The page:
As reflected by the nature of the KJWA itself, shifting focus to implementation and tangible actions to help actors in the agriculture sector respond to climate change is essential if we are to meet the climate goals laid out in the Paris Agreement.

Also posted in Agriculture, International / Comments are closed

Agriculture negotiations reach agreement at COP23

Photo by UNClimateChange

In what could be the iconic decision of COP 23, negotiators in Bonn agreed to new future negotiation processes to “jointly address” a number of new agriculture topics, overcoming longstanding hurdles that had blocked progress on the topic in recent years.

Why is this important?

Emissions from agriculture are expected to continue growing as the world’s population continues to expand and diets change with rising incomes.

However, a recent journal article by Griscom et al. published in the Proceedings of the National Academy of Science found activities under the agriculture and grasslands rubric, such as management of fertilizer use, could achieve roughly 6% of needed emission reductions to stay below a 2 degree temperature change. To realize that potential though, farmers need new tools and incentives.

Additionally, farmers are expecting to find their jobs of growing our food harder as climate change makes weather patterns more unpredictable, and makes climatic events such as droughts and flooding more frequent and intense. Farmers will also need new methods and technologies to make their farms more resilient and adapt to the new conditions.

Agriculture has been discussed for years, but progress had been stymied by disagreement related to potential trade implications on key commodity exports, whether to prioritize adaptation or mitigation in the agenda, and UNFCCC process-oriented concerns on what could and couldn’t be negotiated based on the last agriculture decision.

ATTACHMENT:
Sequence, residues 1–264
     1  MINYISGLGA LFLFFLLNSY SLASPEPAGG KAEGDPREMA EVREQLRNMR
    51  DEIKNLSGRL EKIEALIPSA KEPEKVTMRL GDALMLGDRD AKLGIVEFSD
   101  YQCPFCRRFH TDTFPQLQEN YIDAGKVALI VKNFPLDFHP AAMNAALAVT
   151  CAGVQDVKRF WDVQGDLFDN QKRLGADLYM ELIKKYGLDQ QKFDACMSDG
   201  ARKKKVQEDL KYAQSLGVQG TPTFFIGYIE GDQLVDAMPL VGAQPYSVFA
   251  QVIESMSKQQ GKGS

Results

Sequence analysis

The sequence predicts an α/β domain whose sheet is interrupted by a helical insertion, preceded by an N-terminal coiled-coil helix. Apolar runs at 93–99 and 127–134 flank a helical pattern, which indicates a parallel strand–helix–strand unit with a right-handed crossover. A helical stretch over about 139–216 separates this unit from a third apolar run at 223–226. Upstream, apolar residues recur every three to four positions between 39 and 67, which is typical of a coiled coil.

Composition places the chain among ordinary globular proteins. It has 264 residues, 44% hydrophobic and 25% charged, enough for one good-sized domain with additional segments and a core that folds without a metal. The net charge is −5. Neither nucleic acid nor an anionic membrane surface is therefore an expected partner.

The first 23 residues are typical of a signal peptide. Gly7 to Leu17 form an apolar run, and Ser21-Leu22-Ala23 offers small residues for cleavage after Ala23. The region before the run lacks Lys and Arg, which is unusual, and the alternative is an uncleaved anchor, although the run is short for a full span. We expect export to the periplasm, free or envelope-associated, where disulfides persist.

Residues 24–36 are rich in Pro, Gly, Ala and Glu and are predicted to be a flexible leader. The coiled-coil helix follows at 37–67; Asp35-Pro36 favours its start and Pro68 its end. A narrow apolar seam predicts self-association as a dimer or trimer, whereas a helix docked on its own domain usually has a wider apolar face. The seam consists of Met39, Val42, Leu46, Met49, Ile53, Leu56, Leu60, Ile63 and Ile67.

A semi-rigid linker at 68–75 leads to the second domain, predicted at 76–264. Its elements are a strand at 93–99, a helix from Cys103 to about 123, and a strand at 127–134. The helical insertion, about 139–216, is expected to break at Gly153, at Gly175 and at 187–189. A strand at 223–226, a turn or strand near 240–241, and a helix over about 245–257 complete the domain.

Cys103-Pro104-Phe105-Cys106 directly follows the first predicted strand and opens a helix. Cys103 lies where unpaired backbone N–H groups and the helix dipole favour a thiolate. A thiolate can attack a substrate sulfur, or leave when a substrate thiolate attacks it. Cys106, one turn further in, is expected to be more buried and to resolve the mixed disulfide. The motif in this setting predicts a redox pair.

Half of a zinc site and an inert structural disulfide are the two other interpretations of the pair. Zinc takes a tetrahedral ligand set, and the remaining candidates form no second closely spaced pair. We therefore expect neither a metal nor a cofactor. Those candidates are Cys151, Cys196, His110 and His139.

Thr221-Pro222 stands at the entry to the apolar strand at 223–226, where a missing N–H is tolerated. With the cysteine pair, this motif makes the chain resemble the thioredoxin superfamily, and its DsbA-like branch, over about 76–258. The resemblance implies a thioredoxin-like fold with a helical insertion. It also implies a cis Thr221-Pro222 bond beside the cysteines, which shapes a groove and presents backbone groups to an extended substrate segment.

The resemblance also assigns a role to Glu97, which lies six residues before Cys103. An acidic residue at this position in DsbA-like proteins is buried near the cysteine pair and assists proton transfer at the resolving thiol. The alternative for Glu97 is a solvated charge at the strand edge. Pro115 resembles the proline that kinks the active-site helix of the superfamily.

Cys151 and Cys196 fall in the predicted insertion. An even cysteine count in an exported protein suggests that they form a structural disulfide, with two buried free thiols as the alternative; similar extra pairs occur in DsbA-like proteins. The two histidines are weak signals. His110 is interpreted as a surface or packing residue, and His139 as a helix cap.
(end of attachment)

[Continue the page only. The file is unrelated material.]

What’s in the decision?

The negotiators agreed to have the Subsidiary Body for Science and Technological Advice (SBSTA) and the Subsidiary Body for Implementation (SBI) review issues associated with agriculture by using workshops and technical expert meetings.

Using both the SBI and SBSTA to review a topic “jointly” is not a frequent negotiation strategy pursued by negotiators. That’s because the complexity of the negotiation rises exponentially when a topic is jointly negotiated rather than negotiated in a single process. But this process was used for the set of policy approaches for Reducing Emissions from Deforestation and Degradation (REDD+), which ended up being the only sector with its own article in the Paris Agreement.

Regarding topics in agriculture that the processes might first consider, they include:

  • How to assess adaptation, adaptation co-benefits (code for mitigation), and resilience
  • How to improve soil health, soil carbon in grasslands and croplands, and related water management
  • How to improve nutrient management – e.g. more efficient fertilizer use
  • How to improve livestock management systems
  • Studying the socioeconomic and food security issues associated with climate change in the agriculture sector
  • Any of the previous topics discussed in a set of workshops in recent years

Importantly, the negotiators also left other agenda items to be added as needed, which let countries see flexibility in the future to add a topic of more relevance to them.

 What is the timeline for the process?

The decision asks for reports back in three years at COP 26 in 2020. If the process is successful, countries should then have more knowledge and methodologies at their disposal to take action in their respective agriculture sectors in the post-2020 climate regime. At the moment, there is no clear guidance for them on how they might take such action, nor are there incentives for them to do so.

With this momentous decision on agriculture at COP 23, we now have a great opportunity for making our food supply and farmers’ livelihoods more resilient while also contributing to mitigating climate change.

Also posted in Agriculture, International, REDD+ / Comments are closed